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GCR Contributor Network

Insights From Shanghai Blockchain Week

This is a guest post contributed by Paul Veradittakit, partner at Pantera Capital. Last week, Paul was in Shanghai for China’s largest blockchain event and he shares some of his takeaways here. This post was initially shared on his newsletter.

Last week, I was able to speak at the Global Blockchain Summit during Shanghai Blockchain Week, my first trip to Asia this year.

Each time I travel to a new geography, I’m looking to meet potential investors for our funds, learn from co-investors, meet potential investment opportunities, and connect with strategic companies for the benefit of Pantera and our portfolio companies. That’s the playbook and here is what I learned this time around:

  • Investment into funds – Chinese individual investors really prefer strong relationships, trust, and liquidity. So far, quantitative crypto hedge funds and funds that buy tokens on the secondary markets have been targeted. I believe that institutional money into the space isn’t there yet but when it does happen, investment into funds that invest into equity will start.
  • Co-investors – At one point during the 2017 boom, there were likely 400 “funds” in Asia investing into the space. Now we’re down to like 15-20 funds. Investors are seeing an opportunity to just buy undervalued tokens off the secondary market or incubate projects really early. What they aren’t doing as much is investing into illiquid instruments like equity or SAFTs. There are some funds that see infrastructure companies as part of their thesis and want to invest in equity. Those investors are working on raising funds that will invest in equity and targeting investors in the US that might be interested in gaining geographic exposure to blockchain.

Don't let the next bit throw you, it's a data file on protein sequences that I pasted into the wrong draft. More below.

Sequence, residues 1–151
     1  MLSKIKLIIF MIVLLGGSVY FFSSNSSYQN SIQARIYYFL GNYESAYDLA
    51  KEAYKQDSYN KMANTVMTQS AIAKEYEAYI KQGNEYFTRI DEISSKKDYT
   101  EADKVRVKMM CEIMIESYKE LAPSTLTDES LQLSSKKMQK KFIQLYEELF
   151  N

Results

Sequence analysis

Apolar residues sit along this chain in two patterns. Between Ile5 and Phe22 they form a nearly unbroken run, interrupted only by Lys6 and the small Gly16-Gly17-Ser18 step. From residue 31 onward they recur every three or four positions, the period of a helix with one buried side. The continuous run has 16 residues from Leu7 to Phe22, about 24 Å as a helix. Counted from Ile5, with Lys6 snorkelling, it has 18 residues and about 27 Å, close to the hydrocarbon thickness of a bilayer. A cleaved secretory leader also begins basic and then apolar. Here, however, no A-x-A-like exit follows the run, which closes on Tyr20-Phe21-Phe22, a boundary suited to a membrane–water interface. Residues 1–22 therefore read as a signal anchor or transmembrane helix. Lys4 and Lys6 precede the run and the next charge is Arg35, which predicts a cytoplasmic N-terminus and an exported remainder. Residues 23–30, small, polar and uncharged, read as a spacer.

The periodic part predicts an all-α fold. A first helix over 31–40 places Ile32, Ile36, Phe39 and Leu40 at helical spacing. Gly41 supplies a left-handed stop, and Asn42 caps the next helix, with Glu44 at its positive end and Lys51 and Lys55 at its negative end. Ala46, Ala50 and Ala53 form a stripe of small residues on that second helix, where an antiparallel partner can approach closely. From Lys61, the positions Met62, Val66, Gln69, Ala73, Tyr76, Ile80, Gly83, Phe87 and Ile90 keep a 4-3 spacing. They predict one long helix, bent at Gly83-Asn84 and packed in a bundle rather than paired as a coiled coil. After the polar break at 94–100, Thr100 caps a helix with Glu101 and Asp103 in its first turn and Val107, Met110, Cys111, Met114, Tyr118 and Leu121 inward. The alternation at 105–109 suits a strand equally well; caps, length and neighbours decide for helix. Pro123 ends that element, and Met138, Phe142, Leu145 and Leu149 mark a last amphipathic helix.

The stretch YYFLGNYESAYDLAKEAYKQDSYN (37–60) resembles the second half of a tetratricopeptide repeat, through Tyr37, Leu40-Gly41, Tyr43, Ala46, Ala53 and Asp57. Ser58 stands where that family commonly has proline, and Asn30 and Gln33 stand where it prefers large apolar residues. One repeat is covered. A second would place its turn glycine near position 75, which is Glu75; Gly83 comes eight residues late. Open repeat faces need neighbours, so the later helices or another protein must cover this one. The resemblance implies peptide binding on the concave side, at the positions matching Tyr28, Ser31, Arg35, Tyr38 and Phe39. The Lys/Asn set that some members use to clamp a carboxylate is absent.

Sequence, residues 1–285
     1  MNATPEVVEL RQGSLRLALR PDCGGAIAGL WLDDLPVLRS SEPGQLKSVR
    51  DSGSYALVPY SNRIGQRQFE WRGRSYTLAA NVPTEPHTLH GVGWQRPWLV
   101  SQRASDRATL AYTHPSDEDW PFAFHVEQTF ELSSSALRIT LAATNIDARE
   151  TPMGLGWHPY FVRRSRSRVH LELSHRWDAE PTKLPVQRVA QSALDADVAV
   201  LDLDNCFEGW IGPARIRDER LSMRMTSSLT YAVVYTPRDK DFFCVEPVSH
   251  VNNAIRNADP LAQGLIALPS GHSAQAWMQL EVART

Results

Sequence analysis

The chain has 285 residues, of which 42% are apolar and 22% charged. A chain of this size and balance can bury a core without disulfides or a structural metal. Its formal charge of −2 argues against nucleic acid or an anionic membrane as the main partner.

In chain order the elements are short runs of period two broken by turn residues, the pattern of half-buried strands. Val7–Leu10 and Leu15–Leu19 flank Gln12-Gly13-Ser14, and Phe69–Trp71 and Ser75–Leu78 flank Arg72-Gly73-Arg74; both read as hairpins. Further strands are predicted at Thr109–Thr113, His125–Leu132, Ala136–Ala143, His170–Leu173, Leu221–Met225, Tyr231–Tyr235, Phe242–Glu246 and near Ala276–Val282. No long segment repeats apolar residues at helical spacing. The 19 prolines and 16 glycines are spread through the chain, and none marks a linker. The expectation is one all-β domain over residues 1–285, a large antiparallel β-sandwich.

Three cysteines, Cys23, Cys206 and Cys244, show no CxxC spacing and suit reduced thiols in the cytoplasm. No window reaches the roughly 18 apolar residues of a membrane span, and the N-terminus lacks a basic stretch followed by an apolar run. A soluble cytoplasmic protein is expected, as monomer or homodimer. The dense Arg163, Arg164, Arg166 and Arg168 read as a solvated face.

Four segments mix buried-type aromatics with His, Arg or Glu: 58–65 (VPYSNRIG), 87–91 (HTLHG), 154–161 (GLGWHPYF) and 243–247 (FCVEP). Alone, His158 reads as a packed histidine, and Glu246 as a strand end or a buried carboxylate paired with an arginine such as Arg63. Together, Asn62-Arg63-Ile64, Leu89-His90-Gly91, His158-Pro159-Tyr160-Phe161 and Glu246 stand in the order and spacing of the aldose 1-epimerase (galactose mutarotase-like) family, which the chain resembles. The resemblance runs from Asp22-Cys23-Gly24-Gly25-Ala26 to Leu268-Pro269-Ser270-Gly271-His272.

• Startup companies – I saw similar companies around infrastructure emerging in Asia as they have in the US. Spaces such as prime brokerage, wallets, big data, custody, and security. Since China is not a big fan of cryptocurrencies, projects that focus on enterprises have emerged targeting supply chain, energy, and smart cities, getting support from the government. The next phase for those is interoperability with public chains.
  • Strategic companies
    1. The top class of strategic companies would be the exchanges as liquidity in the space goes through Asia and these companies have the largest balance sheet. The exchanges are still focused on listing great projects but have been creating a more structured and detailed process. Therefore projects should start early and be prepared to put in the time. Investments and acquisitions have been a bit more rare for exchanges, as they see it being cheaper to build vs buy. Joint ventures remain a strong possibility if they can see the synergy.
    2. The other class of strategic companies would be those that are helping foreign projects enter the Asian market through help with connecting with exchanges, marketing/community, content, offline events, and influencers. Most folks would just target Tier 1 cities like Beijing, Shanghai, and Hong Kong, but Tier 2 cities and localization of content are also extremely important. Projects like Polkadot (which Pantera is one of its largest seed investors) and Algorand have spent much time building up education/awareness.

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